Ladies and gentlemen, we have here one of my favorites, the 1971-76 Cadillac Fleetwood Brougham. The top-of-the-line owner-driven Cadillac. Luxurious in space, in gadgets, and in power. The best “owner-driven” Cadillac money could buy. Despite the upper-crust European makes seeing increased sales, here in the heartland Cadillac and Lincoln were still the go-to marques for full-sized, uncompromising American luxury.
After the minor heartbreak of last weekend’s losses at NCM’s American Endurance Racing double enduro, it was really nice to come back and win both days at MidOhio with SCCA in my Neon. Yesterday I qualified 7th overall, 1st in class, and finished 6th overall, 1st in class. Despite being hit four separate times by the same Miata in this morning’s qualifying race, I was able to qualify 7th and finish 4th overall in the afternoon, just 0.6 seconds behind the third-place Mustang and picking up another first in class.
Click the jump for a video of my reasonably strong start, where I grabbed 3 places in the first 700 feet, and to read a rundown of this week’s contributions.
My friend Jason Bagge, also known as the Brougham Whisperer, has just purchased this magnificent 1976 Bonneville Brougham!
The ever-perceptive Mr. Klockau found this Fleetwood Talisman for sale in Amarillo. Those of you us listen to George Strait — that did not include your humble author until he met a country girl from New Mexico — will no doubt be reminded of the relevant song.
If you’re bored today, here are some links to my last Fleetwood Talisman adventure:
Please welcome Martin, whose loaner-vehicle experience was somewhat more upscale than most, yet not quite up to the level set by his everyday ride. As you can see from the picture, this one’s been in the queue a while — JB
During my time with the 2018 Range Rover Velar, the SiriusXM subscription included with the car introduced me to a variety of contemporary pop music that I had “missed” since I basically stopped listening to terrestrial radio about a dozen years ago. I guess that my arrival into my thirties might have been accompanied by a vague bigotry against modern pop culture, which had become so brainless, coarse and artificial that I retreated to earlier books, movies and music, looking for the intellectual and emotional meat that the current culture could seemingly not produce. I am sad to say that my negative suspicions of the mainstream music industry were confirmed, and in fact my expectations were too high. Top 40 radio is truly the negation of art, a soulless industrial product defecated from a machine fired with cynicism and hypocrisy. I sailed to the safer harbors of earlier decades, jazz, and classical.
Similarly, I had a bias against the small crossover segment. Here it is, the industry giving you what you want, or at least an imitation of it: tall, stilted hatchbacks, offering no greater interior space and worse fuel economy than the vehicles on which they are based. In many cases, actual ground clearance is only the matter of an inch more than the equivalent normal car. But you are sold the frisson of a ruggedly independent lifestyle, in which mountains are crossed and streams forded.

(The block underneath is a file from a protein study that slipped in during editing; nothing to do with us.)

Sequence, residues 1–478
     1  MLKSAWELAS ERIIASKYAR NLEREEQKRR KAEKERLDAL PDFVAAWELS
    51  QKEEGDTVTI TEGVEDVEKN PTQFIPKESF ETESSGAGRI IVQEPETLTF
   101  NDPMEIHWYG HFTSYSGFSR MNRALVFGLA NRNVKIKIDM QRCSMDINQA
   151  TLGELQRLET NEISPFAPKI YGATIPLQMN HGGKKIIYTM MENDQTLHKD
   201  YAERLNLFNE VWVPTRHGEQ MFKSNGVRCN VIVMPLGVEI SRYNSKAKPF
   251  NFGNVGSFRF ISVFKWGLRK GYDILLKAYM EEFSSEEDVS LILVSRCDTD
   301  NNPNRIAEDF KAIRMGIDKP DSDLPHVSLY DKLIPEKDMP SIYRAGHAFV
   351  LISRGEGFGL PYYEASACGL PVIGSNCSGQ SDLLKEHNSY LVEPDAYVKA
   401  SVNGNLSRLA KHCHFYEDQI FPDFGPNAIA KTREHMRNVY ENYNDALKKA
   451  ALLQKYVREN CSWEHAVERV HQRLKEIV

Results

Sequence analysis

If you want to drive an SUV, you should buy one, and not these poor simulacra, which are neither fish nor fowl. I wanted an SUV, so I bought a Range Rover, and when it was down with the British flu recently (located in some part of its electrical sensor package, obviously), the dealership gave me the keys to a 2018 Range Rover Velar, in P250 S trim. Here was my chance to test my biases against reality. Ain’t nothing like the real thing?
It was a bit of a heartbreaking weekend. We had everything we needed to take two wins at NCM Motorsports Park: the fastest car, the strongest driver lineup, a cadre of volunteers who could do everything from lift a fuel jug one-handed to swap a water pump in minutes. Sure enough, we were in first place by nearly ninety seconds at the 7-hour mark of Saturday’s 9-hour race. Then the overheating problems began — and they persisted through Sunday. By 5:30 that afternoon, all we could do was send Danger Girl out for the checkered flag, knowing that we’d barely managed enough completed laps to avoid being classified as a DNF.
On the positive side, we made some great friends and enjoyed some good times to go with the bad. I also had a chance to qualify a competitor’s car, which has to be one of the odder things I’ve ever done in racing. (The fact that I qualified the car ahead of ours was just the icing on the proverbial cake.) Marilyn the MX-5 Cup Car and her friends will be back in October for the AER event in Mid-Ohio. There’s a lot of work to be done, and a lot of money to be spent, between now and then.
One 1980s Cadillac you don’t see often is the Fleetwood Brougham coupe. Wait, you may be thinking. Fleetwood Broughams were always pillared sedans or four-door hardtops! At least until the downsized front wheel drive Cadillacs appeared for model year 1985! Au contraire. Mid-year in 1980, for the first time ever, a Fleetwood Brougham two-door entered stage left!
The first (and probably last) recipient of the
Wes Siler Derek Zoolander Center For Kids Who Can’t Write As Bad As The Grownups Scholarship is the hardworking and talented Connor Sahs. Early praise for Connor’s work from my readers includes phrases like:
Well, the party’s over. This past Friday, all the remaining Toys R Us stores closed, permanently. Rather than rehash all the tired woulda, coulda, shoulda, I’d just like to talk about what was.
I can thank my grandmother, Ruby Klockau, for getting me addicted to Toys R Us. Way back when I was a little kid, she would often take me out to lunch. We’d usually go to Bishop’s Buffet, then to the local dealerships, and then to Toys R Us, where I got to pick out a model car.